Rabat - While Morocco has made significant economic progress over the past 15 years, the country still struggles to bring youth into the job market, according to a recent World Bank report.
Rabat – While Morocco has made significant economic progress over the past 15 years, the country still struggles to bring youth into the job market, according to a recent World Bank report.
According to the report entitled “Morocco 2040 – Emerging by Investing in Intangible Capital”, about one in two young people aged 25 to 35 are employed in informal and insecure jobs.
The World Bank asserts that Moroccan youth in search of employment must be open to accepting the lesser-paying jobs available in the market instead of aiming for higher-paying jobs, which are unavailable in the market.
The problem, according to the report, is that Moroccans in search of employment wish to secure high-paying jobs to meet the standards of living that are similar to those in developed countries.
“Even where their material circumstances have improved, young people at times experience feelings of deprivation and injustice whenever they compare themselves with other reference groups or whenever public policies, Executive Summary 9 Morocco 2040 particularly with respect to employment, are not in line with their expectations.”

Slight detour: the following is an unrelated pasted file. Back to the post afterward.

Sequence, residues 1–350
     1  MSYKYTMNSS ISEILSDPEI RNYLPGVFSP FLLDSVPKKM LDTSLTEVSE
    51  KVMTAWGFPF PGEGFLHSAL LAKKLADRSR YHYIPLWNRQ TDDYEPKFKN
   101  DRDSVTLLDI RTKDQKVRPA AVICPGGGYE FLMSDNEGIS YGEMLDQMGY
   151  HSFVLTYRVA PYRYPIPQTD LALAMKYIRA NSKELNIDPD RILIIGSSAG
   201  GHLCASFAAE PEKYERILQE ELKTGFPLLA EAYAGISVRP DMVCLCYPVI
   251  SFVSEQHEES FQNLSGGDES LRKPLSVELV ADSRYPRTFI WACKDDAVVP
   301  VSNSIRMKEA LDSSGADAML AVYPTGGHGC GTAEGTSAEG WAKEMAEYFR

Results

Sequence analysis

Morocco’s youth are “overcome by a feeling of hopelessness that primarily manifests itself in the desire of many young people to try their luck abroad and join the roughly 4.5 million Moroccans officially residing in other countries.”
The report brought up the 2012–14 Arab Barometer, which said that more than 28 percent of the Moroccans surveyed want to immigrate, mainly for economic reasons.
The World Bank pointed out that a lack of adequate employment conditions greatly impedes progress in other critical economic and social issues like poverty and income inequality.
The provision of job conditions would also improve individual well-being, increase the size of the middle class, promote gender equality, provide sustainable financing of community support mechanisms, and strengthen social peace.
Advancing a social contract aimed at promoting an open society, strengthening inclusive institutions, putting more focus on government action and its core functions and developing human and social capital needed for Morocco’s economy to flourish in the 21th century would improve the situation of the employment market in Morocco, suggested the World Bank.